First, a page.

George Brown Getting Along Fine

The Skidmore New Era (Skidmore, Missouri) staff worked hard to keep their neighbors up-to-date.  Here’s some medical news from the June 4, 1914 edition, page 4:

George Brown Getting Along Fine.

George M. Brown, who is in the St. Francis hospital, is getting along fine.  Mr. Brown run a hedge thorn in his right hand some weeks ago and blood poison set in.  He was taken to the St. Francis hospital to have his hand lanced and treated.  The physicians after treating his hand said that he was in a very critical condition with little better than an even chance of recovering.

But we are glad to announce that they have great hopes of his recovery and he is getting along even better than they thought he could under the circumstances.

C. W. Brown, his brother, was out to visit him Monday.

Further updates from the June 11, 1914 edition, page 4:

Visiting Son at Hospital.

Daniel Brown of Skidmore was in Maryville Wednesday visiting his son, George Brown, who is at St. Francis hospital being treated for blood poisoning.  Mr. Brown received a slight hurt in his hand while raking some trash from a field several weeks ago and the wound became infected and has caused him considerable suffering.  He lives on the William Carter farm near Burlington Junction.  — Democrat-Forum.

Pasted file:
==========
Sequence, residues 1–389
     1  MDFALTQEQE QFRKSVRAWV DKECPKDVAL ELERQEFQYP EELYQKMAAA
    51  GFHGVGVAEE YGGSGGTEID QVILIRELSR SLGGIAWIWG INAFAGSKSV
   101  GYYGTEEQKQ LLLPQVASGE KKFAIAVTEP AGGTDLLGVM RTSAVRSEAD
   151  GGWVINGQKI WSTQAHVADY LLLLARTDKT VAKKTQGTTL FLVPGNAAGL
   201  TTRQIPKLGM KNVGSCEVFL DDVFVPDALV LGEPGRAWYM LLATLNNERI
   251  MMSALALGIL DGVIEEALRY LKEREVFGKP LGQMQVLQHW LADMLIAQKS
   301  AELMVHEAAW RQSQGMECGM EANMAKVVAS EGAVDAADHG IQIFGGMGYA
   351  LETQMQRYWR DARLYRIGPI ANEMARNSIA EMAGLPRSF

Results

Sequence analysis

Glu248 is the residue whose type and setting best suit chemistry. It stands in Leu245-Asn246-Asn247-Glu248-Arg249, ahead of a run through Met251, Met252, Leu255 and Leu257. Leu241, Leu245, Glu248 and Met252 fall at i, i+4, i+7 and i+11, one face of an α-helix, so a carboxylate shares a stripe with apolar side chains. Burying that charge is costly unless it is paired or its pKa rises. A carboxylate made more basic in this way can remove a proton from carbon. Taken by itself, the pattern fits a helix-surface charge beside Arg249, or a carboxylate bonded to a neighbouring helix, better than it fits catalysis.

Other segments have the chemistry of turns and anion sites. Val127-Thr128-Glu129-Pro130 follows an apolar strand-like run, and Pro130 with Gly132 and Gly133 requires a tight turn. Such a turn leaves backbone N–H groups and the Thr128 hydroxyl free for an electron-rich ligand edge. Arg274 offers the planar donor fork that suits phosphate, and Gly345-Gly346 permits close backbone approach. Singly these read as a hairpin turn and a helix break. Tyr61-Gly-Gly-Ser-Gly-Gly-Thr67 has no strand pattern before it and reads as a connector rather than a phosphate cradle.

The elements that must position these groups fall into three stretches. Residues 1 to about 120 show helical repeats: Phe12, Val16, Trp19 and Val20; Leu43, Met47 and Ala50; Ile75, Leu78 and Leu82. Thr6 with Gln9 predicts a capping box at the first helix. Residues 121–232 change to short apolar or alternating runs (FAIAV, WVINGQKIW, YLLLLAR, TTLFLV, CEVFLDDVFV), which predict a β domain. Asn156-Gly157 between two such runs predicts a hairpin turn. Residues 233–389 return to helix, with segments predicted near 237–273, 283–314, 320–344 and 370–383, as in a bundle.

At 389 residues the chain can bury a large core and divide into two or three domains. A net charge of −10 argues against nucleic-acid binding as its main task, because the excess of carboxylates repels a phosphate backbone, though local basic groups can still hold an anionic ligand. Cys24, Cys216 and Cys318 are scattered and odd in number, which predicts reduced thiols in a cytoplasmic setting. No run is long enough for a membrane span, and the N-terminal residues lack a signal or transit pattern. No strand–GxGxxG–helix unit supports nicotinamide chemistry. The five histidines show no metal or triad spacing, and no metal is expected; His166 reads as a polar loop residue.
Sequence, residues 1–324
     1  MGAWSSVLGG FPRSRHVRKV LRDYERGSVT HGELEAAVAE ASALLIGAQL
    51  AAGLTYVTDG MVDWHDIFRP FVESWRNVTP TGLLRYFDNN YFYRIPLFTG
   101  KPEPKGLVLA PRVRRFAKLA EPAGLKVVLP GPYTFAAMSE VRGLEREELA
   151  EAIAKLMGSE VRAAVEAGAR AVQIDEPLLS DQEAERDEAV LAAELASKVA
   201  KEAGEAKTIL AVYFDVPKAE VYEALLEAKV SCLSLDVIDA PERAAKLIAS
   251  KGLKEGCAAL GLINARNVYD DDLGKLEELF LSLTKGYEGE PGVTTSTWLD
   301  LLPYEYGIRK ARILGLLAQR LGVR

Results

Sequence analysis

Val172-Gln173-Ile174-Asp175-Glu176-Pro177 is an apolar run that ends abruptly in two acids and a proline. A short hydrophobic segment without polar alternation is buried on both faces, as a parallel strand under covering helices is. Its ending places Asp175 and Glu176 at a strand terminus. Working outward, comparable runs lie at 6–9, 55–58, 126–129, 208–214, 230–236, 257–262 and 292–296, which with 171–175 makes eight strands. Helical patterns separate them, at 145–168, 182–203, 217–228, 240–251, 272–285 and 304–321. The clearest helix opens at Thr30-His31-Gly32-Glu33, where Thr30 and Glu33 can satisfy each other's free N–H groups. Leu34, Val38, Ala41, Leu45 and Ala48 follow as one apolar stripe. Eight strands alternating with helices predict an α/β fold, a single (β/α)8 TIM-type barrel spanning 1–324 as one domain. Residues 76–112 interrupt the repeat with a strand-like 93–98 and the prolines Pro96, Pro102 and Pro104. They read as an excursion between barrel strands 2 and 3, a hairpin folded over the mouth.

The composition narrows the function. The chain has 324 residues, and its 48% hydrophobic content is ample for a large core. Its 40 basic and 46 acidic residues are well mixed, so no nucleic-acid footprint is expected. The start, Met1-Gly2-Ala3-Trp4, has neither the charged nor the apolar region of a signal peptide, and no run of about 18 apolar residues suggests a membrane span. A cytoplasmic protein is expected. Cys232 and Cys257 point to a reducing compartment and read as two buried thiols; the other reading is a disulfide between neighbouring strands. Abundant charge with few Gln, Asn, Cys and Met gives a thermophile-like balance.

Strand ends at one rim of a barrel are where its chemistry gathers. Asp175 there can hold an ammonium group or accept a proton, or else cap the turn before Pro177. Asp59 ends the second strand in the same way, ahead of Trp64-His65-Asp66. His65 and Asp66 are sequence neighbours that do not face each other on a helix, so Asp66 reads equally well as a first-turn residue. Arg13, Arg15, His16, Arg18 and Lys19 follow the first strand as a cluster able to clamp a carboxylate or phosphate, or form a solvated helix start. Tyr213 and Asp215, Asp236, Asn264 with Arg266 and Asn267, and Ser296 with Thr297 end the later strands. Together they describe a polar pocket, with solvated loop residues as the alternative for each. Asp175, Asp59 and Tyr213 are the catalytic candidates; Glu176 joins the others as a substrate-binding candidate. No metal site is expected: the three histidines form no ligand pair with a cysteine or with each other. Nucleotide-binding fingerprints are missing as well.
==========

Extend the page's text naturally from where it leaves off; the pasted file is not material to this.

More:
Better than fine, by the June 18, 1914 edition,  Mr. Brown was getting along nicely, as we see on page 5:

George Brown Getting Along Nicely.  

George Brown of near Burlington Junction, who is in the St. Francis hospital at Maryville taking treatment for blood poison in his hand, is getting along nicely.

Mr. Brown’s serious condition was caused by running a hedge thorn in his hand and some week or ten days afterward blood poison set in and he was taken to the hospital.  His hand and wrist was lanced in fifteen places and some two or three drainage tubes inserted in the hand and fingers.  His condition was very critical for several days, but we are glad to say that he is now out of any immediate danger.  His wife was with him all the time he was in very great danger.  His father, brothers and sisters of Skidmore have visited him almost daily.


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